The hook 32 surface defines a receptacle 36 which couples to a nail or hanging means 38 which supports the frame 12 and the support means 10. FIG. 4 illustrates a side view of the hanging of an art frame 12 in the stand off position. FIG. 5 illustrates the hanging of the same art frame in the alternate position which is substantially flush against the wall.
FIG. 8 illustrates a rear view of a spacing member 16. The spacing member 16 comprises a central base 42 and 2 side flaps 44, 46. The base 42 may further include spacing means 48 which may comprise felt or any of the means known to the prior art for spacing art frames from walls.
The base 42 is coupled to the side flaps 44, 46 by parallel fold lines 54 which are generally perpendicular to the long edges on the top and bottom of the spacing member 16.
The tabs 48 are of a generally convenient size and shape so that one finger and one thumb coupled to the tabs can fold the side flaps 44, 46 into the stand off position as shown in FIG. 7 or back into the flat position illustrated by FIG. 8. When the spacing member 16 is moved toward the stand off position from the flat position, a downward force exerted on the tab 48 of the flap 46 and a slight upward force exerted on the tab 48 of the flap 44 causes the mating protuberance 52 to pass over the mating protuberance 50. Release of the pressure then causes the protuberance 52 to move back down and the protuberance 50 to move back up, thereby movably locking the flaps 46 and 44 in the stand off position as illustrated by FIG. 7. Reversal of this procedure returns the spacing member 16 to the flat position as illustrated in FIG. 8.
Each base 18, 42 is coupled to the back of the frame 14 by glue or other appropriate means known to the prior art. The base 18 should be coupled so that the axis 22 points as nearly straight down as possible and is as nearly as possible adjacent a line running down through the center of gravity 40 of the frame 12. The orientation and location of the spacing members 16 are not very important, so long as they are disposed far enough from the support member 14 to form a triangle relatively large in area compared to the area of the frame 12. For very large frames 12, more than one support member 14 and more than two spacing members 16 may be utilized for greater stability. If two support members 14 are utilized, they should be coupled to the frame 12 equal distances to the right and left of the center of gravity 40 and at the same level so that the frame hangs straight. If one support means 14 is utilized, and it is desired to have the frame 12 hang in a manner which is not straight, the support means 14 should be displaced to the side which is desired to be higher a distance proportional to the amount of slant desired. By varying the width of the flaps 24, 44, 46, it is possible to cause the art to reversably stand off from the wall in a selected orientation not parallel to the wall. If it is desired to have the frame 12 stand off parallel to the wall, the flaps 44, 46 must be slightly longer than the flaps 24, because in the stand off position, the flaps 24 are perpendicular to the wall, while the flaps 44, 46 form a generally triangular cross section as illustrated in FIG. 7. The relative widths of the flaps is determined by well known principals of trijonometry for various stand off distances.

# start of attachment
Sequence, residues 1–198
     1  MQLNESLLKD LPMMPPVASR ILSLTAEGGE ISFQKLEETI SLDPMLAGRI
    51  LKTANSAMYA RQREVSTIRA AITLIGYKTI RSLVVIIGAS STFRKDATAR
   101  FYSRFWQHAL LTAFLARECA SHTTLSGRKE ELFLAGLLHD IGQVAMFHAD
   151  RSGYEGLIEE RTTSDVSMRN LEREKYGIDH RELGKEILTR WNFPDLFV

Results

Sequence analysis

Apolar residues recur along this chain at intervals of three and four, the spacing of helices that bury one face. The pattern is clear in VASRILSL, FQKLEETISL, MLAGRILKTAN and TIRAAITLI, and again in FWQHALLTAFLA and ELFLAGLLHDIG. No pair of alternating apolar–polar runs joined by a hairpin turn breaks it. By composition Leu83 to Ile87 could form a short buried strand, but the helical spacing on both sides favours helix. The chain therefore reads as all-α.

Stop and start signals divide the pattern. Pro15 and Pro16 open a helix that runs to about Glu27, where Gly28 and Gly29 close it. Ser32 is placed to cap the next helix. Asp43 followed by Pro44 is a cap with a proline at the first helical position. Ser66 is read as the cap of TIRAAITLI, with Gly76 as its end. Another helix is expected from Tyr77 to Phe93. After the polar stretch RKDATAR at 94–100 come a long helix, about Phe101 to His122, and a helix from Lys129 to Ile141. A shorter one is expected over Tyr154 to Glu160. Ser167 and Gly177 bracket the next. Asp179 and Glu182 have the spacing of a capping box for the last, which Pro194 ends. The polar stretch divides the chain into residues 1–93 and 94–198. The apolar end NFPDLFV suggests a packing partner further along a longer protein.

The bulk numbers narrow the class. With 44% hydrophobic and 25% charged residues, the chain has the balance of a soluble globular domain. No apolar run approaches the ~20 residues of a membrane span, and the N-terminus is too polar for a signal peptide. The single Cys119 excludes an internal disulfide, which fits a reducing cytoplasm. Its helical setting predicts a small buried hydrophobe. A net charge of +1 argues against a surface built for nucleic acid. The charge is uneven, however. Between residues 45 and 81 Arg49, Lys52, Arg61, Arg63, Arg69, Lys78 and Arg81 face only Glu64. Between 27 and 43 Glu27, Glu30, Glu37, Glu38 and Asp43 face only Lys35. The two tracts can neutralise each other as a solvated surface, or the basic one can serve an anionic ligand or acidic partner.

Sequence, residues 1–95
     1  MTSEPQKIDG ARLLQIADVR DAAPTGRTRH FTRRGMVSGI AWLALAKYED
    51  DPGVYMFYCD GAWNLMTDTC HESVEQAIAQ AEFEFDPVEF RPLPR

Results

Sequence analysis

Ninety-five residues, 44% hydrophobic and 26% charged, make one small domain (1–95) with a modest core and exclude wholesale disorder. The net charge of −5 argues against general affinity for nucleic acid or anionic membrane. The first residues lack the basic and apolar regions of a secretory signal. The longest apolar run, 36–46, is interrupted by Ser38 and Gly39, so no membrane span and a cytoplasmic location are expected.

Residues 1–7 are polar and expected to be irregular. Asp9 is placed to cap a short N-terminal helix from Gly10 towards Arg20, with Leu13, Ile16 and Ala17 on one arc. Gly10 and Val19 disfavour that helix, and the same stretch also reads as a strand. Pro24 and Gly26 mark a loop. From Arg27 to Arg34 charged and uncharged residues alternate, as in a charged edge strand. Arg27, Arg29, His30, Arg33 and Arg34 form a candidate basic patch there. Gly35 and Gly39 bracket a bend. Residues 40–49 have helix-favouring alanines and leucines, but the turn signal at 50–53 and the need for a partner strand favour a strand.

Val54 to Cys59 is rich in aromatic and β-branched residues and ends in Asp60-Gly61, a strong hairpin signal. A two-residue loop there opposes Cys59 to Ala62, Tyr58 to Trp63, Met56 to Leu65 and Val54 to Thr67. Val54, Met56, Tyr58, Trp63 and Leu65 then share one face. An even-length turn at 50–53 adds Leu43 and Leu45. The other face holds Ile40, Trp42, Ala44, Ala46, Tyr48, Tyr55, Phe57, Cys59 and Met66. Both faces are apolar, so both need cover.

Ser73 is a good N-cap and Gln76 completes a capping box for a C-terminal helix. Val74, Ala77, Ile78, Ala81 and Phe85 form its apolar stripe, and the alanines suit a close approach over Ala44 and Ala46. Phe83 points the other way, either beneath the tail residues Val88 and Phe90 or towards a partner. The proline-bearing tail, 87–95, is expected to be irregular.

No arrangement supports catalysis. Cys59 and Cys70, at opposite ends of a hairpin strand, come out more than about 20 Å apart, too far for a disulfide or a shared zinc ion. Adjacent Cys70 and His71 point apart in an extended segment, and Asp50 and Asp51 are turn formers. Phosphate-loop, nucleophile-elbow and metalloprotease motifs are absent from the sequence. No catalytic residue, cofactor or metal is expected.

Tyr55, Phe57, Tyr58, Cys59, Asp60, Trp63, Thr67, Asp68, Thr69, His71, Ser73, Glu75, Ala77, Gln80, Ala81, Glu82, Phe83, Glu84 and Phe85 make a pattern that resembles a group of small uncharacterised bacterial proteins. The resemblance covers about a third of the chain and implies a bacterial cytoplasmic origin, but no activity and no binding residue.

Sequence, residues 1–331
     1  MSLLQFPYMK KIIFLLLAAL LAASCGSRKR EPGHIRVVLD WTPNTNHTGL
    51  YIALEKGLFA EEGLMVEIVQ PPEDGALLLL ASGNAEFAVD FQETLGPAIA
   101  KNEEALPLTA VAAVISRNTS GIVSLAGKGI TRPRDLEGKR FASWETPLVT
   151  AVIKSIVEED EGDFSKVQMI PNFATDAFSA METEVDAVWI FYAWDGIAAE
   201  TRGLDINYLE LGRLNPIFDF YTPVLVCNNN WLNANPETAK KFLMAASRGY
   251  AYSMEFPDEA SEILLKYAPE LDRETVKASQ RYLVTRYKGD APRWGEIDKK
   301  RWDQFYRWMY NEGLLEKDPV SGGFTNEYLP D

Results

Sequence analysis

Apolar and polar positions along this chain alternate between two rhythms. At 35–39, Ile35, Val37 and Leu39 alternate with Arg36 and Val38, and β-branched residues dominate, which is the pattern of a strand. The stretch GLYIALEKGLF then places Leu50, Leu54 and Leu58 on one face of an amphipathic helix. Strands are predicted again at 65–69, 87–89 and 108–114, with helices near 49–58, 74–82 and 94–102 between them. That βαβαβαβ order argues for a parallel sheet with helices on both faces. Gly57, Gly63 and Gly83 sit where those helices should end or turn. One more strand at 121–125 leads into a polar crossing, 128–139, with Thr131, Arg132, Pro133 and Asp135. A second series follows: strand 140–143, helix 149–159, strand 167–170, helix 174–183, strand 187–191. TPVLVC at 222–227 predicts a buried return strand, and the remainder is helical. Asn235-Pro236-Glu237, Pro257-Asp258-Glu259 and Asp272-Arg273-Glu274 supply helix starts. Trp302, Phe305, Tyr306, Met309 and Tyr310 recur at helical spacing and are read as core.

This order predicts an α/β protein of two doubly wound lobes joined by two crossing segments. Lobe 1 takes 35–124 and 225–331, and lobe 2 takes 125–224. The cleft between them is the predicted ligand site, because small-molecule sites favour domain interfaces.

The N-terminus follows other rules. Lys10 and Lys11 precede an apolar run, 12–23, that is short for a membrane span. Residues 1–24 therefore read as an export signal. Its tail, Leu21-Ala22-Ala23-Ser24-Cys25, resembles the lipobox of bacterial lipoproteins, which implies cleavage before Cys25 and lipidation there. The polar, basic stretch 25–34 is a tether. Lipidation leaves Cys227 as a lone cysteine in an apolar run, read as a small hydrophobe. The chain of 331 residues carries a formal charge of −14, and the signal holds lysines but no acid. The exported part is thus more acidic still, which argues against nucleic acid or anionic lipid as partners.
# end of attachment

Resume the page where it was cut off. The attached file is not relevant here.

A particular example of the invention has been described as required by patent law. Those skilled in the art will understand that there are many other possible examples of the invention within the equivalent of the preceeding description. The scope of the invention is limited only by the following claims.
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|Citing Patent||Filing date||Publication date||Applicant||Title|
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|EP0573929A1 *||Jun 5, 1993||Dec 15, 1993||Gianbattista Bergonzi||An assembly of a panel for prints and wall-fitting supports|
|U.S. Classification||248/495, 248/497|
|International Classification||A47G1/24, A47G1/16|
|Cooperative Classification||A47G1/162, A47G1/168|
|European Classification||A47G1/16P, A47G1/24|